HC Deb 30 May 1927 vol 207 cc14-6
27. Sir W. DAVISON

asked the Minister of Health whether he is aware that a number of the public are unwilling to go to public vaccinators to be vaccinated and prefer to be vaccinated by their own family doctor, though they desire to be vaccinated with Government lymph; that the Ministry are refusing to supply private practitioners other than public vaccinators with the lymph supplied by the Government lymph establishment, in which the public have confidence; and whether, having regard to the desirability, in the public interest, of having as few unprotected persons as possible, he will make arrangements for the supply of Government lymph to all qualified practitioners on application?


asked the Minister of Health if he is aware that many medical practitioners, recognising the excellence of the lymph supplied to public vaccinators by the Government lymph establishment, would welcome the opportunity of purchasing supplies of this lymph for the vaccination of their private patients, but are precluded from doing so; and, bearing in mind the prevalence of small-pox in the country, will he consider the advisability of removing this restriction so that medical practitioners who are not public vaccinators may have the opportunity of using this lymph which has such a high reputation for efficiency?


The reputation of Government lymph has been achieved, not only by its quality and consistency, but by the close attention given to its results by means of official inspection and records. If Government lymph were to be made available to private practitioners generally, it would appear very difficult, if not impossible, to ensure similar checks and controls. Moreover, I may point out that as from August next, all vaccine lymph sold in this country will now, by virtue of the Therapeutic Substances Act, 1925, come under official control and have to conform to prescribed standards of potency and purity. My right hon. Friend proposes to give some further consideration to the question, but it seems doubtful, in view of the foregoing observations, whether any departure from present practice would be justified.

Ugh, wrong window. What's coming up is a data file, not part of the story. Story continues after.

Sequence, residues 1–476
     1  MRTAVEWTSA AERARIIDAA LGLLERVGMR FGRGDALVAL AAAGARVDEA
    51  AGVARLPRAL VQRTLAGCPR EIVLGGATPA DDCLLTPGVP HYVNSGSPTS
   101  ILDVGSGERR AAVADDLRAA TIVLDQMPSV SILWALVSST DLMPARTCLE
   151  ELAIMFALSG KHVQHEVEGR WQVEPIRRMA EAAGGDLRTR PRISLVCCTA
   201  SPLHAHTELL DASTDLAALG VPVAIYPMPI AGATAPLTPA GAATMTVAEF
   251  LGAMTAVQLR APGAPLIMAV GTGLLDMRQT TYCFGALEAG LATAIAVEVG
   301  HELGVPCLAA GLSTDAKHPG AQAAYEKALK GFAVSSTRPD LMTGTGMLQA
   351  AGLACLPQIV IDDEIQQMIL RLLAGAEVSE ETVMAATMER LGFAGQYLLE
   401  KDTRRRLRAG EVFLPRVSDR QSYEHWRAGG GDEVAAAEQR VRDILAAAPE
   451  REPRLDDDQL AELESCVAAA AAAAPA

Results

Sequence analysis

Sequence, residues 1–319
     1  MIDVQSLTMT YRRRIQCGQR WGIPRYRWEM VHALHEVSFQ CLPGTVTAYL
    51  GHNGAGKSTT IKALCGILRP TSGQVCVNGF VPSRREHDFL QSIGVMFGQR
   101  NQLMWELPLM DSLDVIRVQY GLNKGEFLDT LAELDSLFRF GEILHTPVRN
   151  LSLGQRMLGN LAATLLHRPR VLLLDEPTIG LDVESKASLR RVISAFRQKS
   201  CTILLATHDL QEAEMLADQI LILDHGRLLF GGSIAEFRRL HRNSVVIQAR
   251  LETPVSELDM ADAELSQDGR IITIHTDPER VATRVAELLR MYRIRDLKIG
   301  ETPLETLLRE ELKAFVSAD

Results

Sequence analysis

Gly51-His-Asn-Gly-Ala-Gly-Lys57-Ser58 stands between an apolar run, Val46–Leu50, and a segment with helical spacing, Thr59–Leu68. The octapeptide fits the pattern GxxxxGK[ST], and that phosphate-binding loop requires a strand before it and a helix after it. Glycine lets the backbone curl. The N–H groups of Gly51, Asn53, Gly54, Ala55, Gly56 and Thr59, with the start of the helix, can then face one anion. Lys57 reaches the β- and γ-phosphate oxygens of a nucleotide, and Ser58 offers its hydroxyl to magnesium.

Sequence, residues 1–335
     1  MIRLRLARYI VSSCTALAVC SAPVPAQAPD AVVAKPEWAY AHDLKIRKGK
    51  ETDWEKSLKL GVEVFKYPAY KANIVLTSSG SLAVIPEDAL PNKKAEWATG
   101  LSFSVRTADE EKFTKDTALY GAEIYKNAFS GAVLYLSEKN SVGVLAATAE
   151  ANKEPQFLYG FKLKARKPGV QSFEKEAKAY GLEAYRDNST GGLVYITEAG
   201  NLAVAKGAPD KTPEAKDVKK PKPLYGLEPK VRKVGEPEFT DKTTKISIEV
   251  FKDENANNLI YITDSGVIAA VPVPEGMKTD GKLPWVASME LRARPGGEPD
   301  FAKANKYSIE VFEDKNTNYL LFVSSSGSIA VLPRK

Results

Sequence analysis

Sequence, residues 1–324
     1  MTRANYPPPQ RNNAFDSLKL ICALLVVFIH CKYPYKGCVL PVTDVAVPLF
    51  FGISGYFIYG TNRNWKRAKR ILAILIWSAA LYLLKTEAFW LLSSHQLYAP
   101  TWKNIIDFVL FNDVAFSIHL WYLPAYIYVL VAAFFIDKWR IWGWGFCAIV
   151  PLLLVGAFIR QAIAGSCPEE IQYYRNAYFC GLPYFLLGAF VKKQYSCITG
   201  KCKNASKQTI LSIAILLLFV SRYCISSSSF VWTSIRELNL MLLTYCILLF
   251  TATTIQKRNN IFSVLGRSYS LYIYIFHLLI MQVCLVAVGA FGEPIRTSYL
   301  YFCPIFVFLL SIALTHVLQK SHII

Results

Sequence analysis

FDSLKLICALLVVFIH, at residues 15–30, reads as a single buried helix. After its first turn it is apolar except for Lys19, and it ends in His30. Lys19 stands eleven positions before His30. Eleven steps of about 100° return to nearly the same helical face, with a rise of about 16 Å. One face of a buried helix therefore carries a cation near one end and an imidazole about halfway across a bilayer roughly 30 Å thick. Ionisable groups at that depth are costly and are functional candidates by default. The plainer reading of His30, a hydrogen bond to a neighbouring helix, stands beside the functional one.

Is the hon. Gentleman aware that there is a letter in the "Times" this morning from Dr. Monkton Copeman—who was originally responsible for the use of glycerinated calf lymph—in which he states that he has never been able to understand why Government calf lymph should not be sold to private practitioners; and is he also aware that a case of unsuccessful re-vaccination is likely to give a false sense of security both to doctor and patient; and bearing in mind the prevalence of small-pox does he not think it would be advisable to see that private medical practitioners should have the opportunity of purchasing Government lymph if they so desire?


I have read the letter in the "Times" this morning. There is no mention in the letter, however, of the fact that under the Therapeutic Substances Act, which comes into force in August next, all lymph sold will have to come under official control and will have to conform to prescribed standards of potency and purity. There are many difficulties in the way of using Government lymph generally. It may cost considerably more money and would also mean very many Regulations. I think it would be better to await the new operations under the Act to which I have referred. The public will then know that all this lymph will be under official control and that it will have to conform to prescribed standards.


Having regard to the fact that there is at present something in the nature of an epidemic of smallpox in the country, largely due to lack of vaccination, would it not be desirable to make a temporary arrangement until August for the supply of lymph so that any practitioner who desires, can have it?


Will the lymph be supplied to supporters of the Government in the meantime?


In reply to the hon. Member for South Kensington (Sir W. Davison) I should like to say that in all cases where there is an epidemic of the kind to which he has referred, arrangements are made with the medical practitioners of the district for a supply of Government lymph. My right hon. Friend has the matter under consideration, but there are many difficulties and I believe myself that under this new legislation, the desire—which I think everyone shares—that lymph of this kind should be of the proper standard of efficiency, will be achieved.


asked the Minister of Health whether, having regard to the prevalence of smallpox in the counties of Northumberland and Durham, he can give the number of cases where those at present infected have been vaccinated, and how many have not, in the two counties, respectively?


My right hon. Friend has not yet obtained complete information as to the vaccinal condition of those cases of small-pox which have occurred in the two counties during the past eight weeks. This information, which should cover all cases at present known to be infected, will, however, shortly be available, and will be communicated to my hon. Friend.